Gwawaenuk

Hopetown

Gwawaenuk Governance follows a traditional Hereditary Head Chief Governance Structure.  Chief Charlie Williams is the Hereditary Chief of Gwawaenuk.  Chief Williams takes his direction and guidance through discussions with the Heads of each family in the Tribe.

Each head family member is updated regularly by Chief Williams personally and important immediate decisions made between the Chief and head family members.

Large and over arching community planning and decision are made at community meetings attended by the entire community, children as well.  

The benefit and strength of the Hereditary system, is the continuity if brings to long term community planning, external party relationship building and program /project history and accountability.  

In addition this system ensures that all major decisions impacting the Tribe are guided by traditional protocols and priorities.

Archeology Stratification shows habitation and use for over 4000 years at Hopetown.

Historically Heghums has been the main village and winter site for Gwawaneuk, and is the main Gwawaneuk village today. It is where the Gwawaenuk Tribe has always lived and wants to continue living and working.  
Prior to a post Colonial massacre, archaeology shows that there were thousands of people living all along the waters edge of Watson Island, confirming that Heghums was one small portion of a much larger community that included the entire of Watson Island

   
(Born-to-be-head-of-the-world- - Wilson Duff 1955 - Boas 1905)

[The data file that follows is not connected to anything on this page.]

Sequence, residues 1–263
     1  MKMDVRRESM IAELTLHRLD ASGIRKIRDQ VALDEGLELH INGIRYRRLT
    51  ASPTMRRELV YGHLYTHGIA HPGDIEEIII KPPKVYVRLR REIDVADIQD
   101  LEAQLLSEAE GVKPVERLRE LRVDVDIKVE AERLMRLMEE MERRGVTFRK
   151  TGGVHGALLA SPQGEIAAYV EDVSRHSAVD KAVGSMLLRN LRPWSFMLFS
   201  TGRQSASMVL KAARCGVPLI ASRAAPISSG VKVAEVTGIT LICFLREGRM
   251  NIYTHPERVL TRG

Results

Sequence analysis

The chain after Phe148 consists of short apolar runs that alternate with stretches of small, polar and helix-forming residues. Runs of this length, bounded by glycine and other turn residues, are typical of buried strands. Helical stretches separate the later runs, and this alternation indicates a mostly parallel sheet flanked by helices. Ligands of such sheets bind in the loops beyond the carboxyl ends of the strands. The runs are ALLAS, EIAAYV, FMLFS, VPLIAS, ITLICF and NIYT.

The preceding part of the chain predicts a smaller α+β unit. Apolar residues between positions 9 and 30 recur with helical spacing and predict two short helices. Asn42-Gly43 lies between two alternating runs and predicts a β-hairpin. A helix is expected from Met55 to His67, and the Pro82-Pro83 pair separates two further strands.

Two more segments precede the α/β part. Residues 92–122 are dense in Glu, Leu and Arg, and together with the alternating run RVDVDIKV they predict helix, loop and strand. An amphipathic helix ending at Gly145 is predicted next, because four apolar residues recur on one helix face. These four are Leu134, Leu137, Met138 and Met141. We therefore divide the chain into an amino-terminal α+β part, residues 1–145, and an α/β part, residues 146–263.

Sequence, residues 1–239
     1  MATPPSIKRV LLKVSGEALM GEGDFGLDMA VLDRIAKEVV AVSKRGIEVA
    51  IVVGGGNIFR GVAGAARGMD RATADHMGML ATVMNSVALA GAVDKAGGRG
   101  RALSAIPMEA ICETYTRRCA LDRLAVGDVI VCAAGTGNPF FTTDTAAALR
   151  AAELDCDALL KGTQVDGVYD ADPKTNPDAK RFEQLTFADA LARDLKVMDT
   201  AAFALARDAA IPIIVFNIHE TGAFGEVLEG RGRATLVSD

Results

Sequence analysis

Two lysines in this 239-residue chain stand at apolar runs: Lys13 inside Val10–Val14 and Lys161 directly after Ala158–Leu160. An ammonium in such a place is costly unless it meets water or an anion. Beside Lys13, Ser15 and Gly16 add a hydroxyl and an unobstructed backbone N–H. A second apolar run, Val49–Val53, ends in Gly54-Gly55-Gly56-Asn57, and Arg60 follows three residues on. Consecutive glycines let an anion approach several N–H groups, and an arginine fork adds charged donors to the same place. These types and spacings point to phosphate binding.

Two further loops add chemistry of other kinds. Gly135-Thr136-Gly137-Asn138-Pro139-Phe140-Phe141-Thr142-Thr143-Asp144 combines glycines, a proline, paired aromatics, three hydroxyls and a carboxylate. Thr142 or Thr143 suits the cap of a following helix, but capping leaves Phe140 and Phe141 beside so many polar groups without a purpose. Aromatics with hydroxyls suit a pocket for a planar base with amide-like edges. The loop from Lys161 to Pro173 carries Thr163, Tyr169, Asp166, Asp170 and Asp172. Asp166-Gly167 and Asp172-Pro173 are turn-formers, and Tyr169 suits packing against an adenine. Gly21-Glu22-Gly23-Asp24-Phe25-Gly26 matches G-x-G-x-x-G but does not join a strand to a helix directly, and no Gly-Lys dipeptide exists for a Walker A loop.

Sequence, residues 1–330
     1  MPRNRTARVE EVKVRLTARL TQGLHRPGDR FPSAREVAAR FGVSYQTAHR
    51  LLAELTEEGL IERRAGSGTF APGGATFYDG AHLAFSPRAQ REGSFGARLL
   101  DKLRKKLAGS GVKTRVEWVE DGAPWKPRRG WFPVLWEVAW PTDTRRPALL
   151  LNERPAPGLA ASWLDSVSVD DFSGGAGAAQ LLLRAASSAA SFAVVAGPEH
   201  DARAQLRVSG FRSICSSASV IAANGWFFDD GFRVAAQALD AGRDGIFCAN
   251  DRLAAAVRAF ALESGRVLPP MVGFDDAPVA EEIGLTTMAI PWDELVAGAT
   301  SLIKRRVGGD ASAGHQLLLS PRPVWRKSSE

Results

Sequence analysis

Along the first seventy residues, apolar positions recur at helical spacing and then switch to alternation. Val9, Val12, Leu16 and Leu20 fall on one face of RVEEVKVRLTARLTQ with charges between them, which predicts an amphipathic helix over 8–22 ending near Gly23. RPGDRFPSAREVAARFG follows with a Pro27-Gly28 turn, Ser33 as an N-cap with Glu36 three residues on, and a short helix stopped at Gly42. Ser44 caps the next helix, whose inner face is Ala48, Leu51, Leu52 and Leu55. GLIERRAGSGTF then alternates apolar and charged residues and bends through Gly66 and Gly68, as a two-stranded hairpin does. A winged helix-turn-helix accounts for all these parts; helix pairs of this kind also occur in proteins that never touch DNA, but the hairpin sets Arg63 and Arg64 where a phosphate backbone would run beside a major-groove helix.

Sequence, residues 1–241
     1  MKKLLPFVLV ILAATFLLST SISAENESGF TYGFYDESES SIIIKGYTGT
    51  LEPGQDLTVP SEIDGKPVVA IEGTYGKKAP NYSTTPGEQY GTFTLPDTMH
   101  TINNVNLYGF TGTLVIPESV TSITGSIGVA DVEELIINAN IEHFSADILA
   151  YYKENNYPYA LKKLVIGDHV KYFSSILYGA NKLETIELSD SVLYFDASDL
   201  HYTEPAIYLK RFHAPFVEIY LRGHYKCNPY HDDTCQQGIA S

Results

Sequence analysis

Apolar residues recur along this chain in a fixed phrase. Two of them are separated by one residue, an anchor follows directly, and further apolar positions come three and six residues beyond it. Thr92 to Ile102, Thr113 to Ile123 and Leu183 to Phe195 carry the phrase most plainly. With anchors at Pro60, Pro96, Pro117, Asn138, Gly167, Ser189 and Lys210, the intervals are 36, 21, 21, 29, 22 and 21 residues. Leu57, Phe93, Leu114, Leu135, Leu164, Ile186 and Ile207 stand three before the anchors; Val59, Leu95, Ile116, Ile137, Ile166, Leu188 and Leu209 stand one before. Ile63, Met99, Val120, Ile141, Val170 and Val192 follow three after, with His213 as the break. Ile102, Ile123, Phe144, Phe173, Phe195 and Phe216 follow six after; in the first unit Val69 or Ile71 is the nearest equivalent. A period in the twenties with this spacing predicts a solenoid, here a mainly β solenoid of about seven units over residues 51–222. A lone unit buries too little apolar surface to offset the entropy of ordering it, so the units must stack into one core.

IR10A - Hopetown

Under the Indian Act and Royal Commission, Heghums became a Reserve Allotment in 1916.  IR 10A is only a small portion of the original village that oral history and historic and archeological record suggests encircled the coastline of most of Watson Island.

ν Latitude 50.55
ν Longitude –126.49

Heghums has always been the main village site, wintering area and Potlatch site for the Gwawaenuk.

Accessibility: Heghums is a remote coastal village, accessible by boat from Port McNeil or Port Hardy; it is approximately a 1.5 – 2 hour boat ride and has emergency evacuation via medi-vac, recently improved by the addition of a replacement dock in the community that is also a helicopter pad.  

Gwawaenuk Never Treatied Or Sold Their Lands And Territory.  

Gwawaenuk’s Traditional Territory Extends:

IR 10A (Hopetown) is only 1 of 10 Gwawaenuk reservations allotted by commissioner O’Reilly in 1886, confirmed by the Royal commission in 1914 & 1916 and does not reflect the entirely of Gwawaenuk Territory

The Province allocated the reserves in 1938:

  1. Hopetown IR10A CLSR BC 434,5.85ac, Band’s
  2. Dove Isl  IR12 CLSR BC 410,20ac, Band’s
  3. Gleyka IR6 CLSR BC 47,8.4ac Surr-timber 1941
  4. Kadis IR11 CLSR BC 409,318ac Surr-timber1932
  5. Keogh IR3 CLSR BC 47,10.6ac Surr-timber 1934
  6. Kunstamis IR 2-2A CLSR BC 47,17.2 ac & 435,96.8 ac Surr-timber 1934-5
  7. Lawanth IR 5 CLSR BC 45,14.4ac lease to DFO till 1999
  8. Magwekstala IR 10 CLSR BC 413,9.4ac Band’s
  9. Quay IR4 CLSR BC 47,10ac Band’s

(Anthony Newman, Land Research of Nanaimo)